List out all the options available to you after failing an exam. This list could include resitting the exam, getting more career advice from your employer or from the team here at caba, or you could even taking a different career direction. If you’re still struggling to decide what your next step should be, assess the pros and cons of each option; this will help you create a logical action plan.

4. perfect your exam routine 

Knowledge gaps may have contributed to your exam failure but also there may be plenty of other causes. It's important to find your flow state when revising for exams to ensure you retain knowledge. It may be that you didn’t have an effective study plan in place or perhaps you didn’t stick with it. These are all areas you can draw upon to help perfect your performance next time around. 

Spend time identifying what you could do differently next time. Avoid putting unnecessary pressure on yourself to ensure you enter the exam in a calm state. A good night's sleep is critical to feeling less anxious at the time of the exam.

5. don't put off telling people you've failed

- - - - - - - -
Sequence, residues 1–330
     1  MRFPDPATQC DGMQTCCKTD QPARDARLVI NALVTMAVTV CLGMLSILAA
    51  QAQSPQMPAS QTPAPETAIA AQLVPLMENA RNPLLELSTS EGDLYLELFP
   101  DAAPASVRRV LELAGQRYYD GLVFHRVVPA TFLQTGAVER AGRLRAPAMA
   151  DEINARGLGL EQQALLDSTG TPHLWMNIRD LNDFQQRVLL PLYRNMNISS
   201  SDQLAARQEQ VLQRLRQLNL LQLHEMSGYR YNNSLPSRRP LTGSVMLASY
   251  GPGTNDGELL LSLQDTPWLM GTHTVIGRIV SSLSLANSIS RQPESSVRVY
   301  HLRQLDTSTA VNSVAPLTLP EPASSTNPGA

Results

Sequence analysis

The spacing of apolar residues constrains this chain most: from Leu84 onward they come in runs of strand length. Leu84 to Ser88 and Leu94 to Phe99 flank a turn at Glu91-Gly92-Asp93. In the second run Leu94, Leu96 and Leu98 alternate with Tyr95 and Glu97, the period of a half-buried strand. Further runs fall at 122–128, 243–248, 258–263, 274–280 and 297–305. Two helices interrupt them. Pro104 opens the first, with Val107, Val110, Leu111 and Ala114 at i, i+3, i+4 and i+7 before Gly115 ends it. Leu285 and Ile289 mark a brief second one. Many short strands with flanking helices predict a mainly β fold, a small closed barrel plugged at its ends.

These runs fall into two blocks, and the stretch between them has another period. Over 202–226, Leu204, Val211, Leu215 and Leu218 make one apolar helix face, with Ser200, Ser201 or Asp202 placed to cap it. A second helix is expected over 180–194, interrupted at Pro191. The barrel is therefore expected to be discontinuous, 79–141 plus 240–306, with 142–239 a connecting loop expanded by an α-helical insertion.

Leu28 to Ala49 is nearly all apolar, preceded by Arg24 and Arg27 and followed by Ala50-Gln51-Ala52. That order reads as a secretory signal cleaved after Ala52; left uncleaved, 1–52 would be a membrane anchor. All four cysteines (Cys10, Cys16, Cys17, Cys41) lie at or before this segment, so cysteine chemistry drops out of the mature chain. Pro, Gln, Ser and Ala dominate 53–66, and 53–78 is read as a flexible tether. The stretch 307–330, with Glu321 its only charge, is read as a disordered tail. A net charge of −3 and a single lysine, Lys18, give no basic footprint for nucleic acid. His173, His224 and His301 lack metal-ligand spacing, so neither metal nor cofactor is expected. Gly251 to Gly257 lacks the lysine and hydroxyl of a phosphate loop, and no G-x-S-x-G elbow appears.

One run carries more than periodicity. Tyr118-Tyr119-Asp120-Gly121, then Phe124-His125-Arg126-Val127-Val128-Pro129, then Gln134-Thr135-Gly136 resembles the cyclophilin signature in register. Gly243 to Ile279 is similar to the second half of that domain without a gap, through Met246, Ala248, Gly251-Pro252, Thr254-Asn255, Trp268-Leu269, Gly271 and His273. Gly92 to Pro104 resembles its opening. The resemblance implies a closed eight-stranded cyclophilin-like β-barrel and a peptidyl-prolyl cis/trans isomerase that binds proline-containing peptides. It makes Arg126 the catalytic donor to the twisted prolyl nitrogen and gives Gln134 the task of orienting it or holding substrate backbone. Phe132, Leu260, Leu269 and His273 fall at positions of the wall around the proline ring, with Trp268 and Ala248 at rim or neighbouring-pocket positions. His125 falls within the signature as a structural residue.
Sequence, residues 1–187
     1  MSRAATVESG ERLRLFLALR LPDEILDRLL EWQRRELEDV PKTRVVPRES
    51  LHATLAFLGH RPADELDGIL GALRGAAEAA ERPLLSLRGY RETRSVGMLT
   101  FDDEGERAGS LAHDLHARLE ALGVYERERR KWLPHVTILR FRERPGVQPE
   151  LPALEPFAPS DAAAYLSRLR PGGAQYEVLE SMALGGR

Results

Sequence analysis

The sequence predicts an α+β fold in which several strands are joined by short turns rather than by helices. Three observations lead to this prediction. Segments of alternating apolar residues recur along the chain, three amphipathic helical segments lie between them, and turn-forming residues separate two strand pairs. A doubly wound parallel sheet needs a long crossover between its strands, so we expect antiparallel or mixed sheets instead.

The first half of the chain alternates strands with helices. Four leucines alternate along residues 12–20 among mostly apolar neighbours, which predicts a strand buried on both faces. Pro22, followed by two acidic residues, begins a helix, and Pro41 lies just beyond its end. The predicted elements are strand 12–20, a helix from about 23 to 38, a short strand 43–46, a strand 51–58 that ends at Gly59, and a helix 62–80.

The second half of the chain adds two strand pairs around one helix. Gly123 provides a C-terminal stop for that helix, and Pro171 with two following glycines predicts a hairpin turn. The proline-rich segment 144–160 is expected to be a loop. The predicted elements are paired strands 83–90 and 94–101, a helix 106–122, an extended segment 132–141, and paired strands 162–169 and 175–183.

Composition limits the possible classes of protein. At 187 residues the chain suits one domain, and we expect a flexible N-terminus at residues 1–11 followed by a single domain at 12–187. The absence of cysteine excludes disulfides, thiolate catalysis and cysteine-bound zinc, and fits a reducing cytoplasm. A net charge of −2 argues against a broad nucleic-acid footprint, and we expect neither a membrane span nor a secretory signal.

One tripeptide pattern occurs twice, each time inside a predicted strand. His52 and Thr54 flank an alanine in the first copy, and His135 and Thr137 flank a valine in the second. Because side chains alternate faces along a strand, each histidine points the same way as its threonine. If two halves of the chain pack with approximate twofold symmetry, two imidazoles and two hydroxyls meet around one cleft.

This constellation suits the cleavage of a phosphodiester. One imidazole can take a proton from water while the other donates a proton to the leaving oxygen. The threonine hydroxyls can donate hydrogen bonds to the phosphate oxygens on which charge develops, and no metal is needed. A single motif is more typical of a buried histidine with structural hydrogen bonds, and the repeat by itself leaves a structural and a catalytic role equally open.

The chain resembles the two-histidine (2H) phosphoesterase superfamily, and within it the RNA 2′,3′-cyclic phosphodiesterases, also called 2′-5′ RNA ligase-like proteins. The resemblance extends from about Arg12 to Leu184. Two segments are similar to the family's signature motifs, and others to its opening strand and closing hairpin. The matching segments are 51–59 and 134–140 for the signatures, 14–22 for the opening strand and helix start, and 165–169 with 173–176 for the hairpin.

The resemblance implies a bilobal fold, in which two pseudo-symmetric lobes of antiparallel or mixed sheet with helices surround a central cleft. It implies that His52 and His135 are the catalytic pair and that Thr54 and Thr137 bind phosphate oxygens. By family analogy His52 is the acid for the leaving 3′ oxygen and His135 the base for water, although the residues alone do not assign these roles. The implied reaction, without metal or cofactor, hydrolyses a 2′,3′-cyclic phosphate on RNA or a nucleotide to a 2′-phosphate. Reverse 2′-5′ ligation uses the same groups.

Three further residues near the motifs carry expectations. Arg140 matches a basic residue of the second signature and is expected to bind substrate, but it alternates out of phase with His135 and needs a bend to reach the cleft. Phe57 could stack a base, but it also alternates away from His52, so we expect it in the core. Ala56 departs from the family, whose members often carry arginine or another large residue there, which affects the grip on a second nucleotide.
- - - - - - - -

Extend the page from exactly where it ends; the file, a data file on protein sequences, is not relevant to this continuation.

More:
Starting a conversation around exam failure can be difficult but it's important to tell those close to you and your employer straight away. Find the right time and place for the conversation, free from distractions and when you know the other person doesn't have to rush off anywhere.

6. reach out to us 

We’re here to help you when personal or work stress is too much, don't hesitate to get in touch with our team. 

While resitting an exam may be the last thing you want to think about or do right now, plenty of preparation, self-care and the right outlook can help you put that initial exam failure firmly behind you.

In the meantime, try to remain positive for the future - our article on how to stop procrastinating when revising may be a good start.

“My employer terminated my contract because of the failed exam. So it became very clear to me that if I didn’t change my approach I was going to lose everything I had been working for. I realised I needed help, and I did 2 things. First, I explained to my employer the situation I was in and the pressure I was under. And then I reached out to caba.”